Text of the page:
In his race to get GM ready for an IPO, Whitacre has delegated a lot to Reuss. His mission is to build sales without pumping up profit-eating incentives.
For years, says Duane Paddock, a Buffalo, New York Chevy dealer, GM built as many cars as it hoped to sell and strong-armed the dealers into taking the inventory. If that didn't work, GM would lay on heavy rebates and give away profit to get the sales volume .
At the same time, dealers complained that they had to subscribe to an outside service to track the incentives GM is offering on various models. GM gives the dealers that information, but in reports so complex that many dealers have trouble deciphering them. On Whitacre's orders, Reuss is trying to demystify the process. In March, embattled Toyota spent a company record amount on incentives to lure back wary consumers, offering 0% financing and other discounts. Reuss refused to get pulled in, dropping GM's average incentive from last year by $1,200 a car, to $3,5 00. GM's market share tumbled to 1 7.6% in March from 1 9.4% during January and February.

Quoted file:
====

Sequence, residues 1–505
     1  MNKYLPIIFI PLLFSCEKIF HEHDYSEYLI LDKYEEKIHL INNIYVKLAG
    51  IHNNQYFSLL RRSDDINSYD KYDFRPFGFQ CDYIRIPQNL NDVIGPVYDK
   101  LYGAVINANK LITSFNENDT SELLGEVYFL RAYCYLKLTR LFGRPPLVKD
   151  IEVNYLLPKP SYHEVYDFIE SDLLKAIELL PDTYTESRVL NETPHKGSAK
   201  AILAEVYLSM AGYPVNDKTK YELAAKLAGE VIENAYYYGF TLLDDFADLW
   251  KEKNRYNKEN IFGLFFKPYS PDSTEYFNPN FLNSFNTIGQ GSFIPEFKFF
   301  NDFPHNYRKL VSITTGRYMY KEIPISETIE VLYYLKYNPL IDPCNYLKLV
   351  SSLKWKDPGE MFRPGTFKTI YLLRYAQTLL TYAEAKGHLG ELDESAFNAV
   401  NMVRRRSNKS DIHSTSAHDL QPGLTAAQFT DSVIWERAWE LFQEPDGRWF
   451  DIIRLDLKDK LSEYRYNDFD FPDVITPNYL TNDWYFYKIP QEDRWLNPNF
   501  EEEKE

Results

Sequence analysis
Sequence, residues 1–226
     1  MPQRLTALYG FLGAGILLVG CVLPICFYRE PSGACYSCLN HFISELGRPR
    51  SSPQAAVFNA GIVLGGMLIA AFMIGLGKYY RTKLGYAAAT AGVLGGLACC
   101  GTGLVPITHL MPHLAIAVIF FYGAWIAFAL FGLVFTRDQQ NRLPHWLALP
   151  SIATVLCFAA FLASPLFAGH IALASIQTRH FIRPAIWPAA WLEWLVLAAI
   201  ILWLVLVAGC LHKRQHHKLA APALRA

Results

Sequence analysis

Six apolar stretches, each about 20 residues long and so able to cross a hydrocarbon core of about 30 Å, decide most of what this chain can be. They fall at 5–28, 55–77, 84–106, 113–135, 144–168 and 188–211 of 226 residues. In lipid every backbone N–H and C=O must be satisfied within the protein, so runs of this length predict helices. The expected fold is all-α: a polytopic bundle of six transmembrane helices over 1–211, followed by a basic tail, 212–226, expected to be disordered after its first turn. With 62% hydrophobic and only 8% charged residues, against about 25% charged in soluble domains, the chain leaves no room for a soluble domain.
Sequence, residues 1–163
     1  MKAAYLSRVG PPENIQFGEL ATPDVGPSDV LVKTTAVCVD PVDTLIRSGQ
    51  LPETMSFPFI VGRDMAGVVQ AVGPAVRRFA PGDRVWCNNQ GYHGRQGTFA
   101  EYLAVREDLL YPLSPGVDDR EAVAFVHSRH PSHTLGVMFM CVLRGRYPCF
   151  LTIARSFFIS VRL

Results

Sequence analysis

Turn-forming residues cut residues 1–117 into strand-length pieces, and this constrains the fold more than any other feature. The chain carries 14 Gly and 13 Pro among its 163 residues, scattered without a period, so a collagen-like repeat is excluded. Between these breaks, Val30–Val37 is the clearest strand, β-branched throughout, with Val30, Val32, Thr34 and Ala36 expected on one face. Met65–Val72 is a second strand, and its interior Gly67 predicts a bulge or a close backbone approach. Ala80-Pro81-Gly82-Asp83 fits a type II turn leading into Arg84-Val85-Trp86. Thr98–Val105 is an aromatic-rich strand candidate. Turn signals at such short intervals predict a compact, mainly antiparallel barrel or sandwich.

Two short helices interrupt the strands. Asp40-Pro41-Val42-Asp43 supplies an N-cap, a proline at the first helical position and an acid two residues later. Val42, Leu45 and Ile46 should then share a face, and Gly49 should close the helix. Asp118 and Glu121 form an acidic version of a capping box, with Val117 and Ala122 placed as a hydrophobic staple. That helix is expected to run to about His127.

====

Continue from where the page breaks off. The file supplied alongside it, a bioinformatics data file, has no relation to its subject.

But Reuss kept prices up and beat his sales goals. As March was coming to a close, Whitacre looked at the numbers and said: "This looks like we're headed toward growth in a positive way," Reuss recalls. "That's good." ... Whitacre had his prairie charm working in March, when he paid his first visit to a GM assembly plant. At the Malibu factory in Fairfax, Kansas, he walked the assembly line in jeans and a plain black sweatshirt, stopping to shake hands with workers and ask them what they did. He even tried to hang a body panel on a Malibu. "They nearly threw me out of the building," he joked later to workers and reporters. One worker said that in 25 years on the line he had never seen a GM CEO.
Whitacre then held a series of "diagonal slice meetings " with employees from all levels of the factory. Some liked that he didn't come at them with edicts about boosting production. Instead, says Dave Robertson, a 29-year line worker who attended one of the meetings, he just said GM needed to "sell more cars." He told the workers they could help by building quality vehicles, and if they needed anything, they should say so. "We're all in this together," he said, promising to come back in a month to talk about "the future of the plant."